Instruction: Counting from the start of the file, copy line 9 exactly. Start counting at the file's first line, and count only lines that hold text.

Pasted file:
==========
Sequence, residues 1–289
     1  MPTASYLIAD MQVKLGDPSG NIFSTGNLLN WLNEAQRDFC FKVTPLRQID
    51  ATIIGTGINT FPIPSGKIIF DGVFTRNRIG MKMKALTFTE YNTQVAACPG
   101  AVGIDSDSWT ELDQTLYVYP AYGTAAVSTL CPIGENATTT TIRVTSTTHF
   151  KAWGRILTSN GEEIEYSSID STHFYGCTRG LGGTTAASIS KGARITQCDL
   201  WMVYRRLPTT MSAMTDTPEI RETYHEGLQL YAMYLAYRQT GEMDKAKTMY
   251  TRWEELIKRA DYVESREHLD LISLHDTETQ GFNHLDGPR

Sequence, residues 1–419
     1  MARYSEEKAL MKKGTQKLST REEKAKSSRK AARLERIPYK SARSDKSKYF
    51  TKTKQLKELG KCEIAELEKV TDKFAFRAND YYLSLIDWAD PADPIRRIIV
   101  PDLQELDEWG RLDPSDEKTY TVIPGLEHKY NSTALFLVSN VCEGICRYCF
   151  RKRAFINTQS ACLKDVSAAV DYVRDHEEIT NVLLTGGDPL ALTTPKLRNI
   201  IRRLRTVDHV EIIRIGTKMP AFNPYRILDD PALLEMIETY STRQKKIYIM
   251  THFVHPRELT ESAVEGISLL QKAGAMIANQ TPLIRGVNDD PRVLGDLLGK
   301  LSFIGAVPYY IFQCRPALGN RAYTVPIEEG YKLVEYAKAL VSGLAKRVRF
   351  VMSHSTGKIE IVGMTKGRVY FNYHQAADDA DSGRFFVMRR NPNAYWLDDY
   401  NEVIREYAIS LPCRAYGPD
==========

     1  MARYSEEKAL MKKGTQKLST REEKAKSSRK AARLERIPYK SARSDKSKYF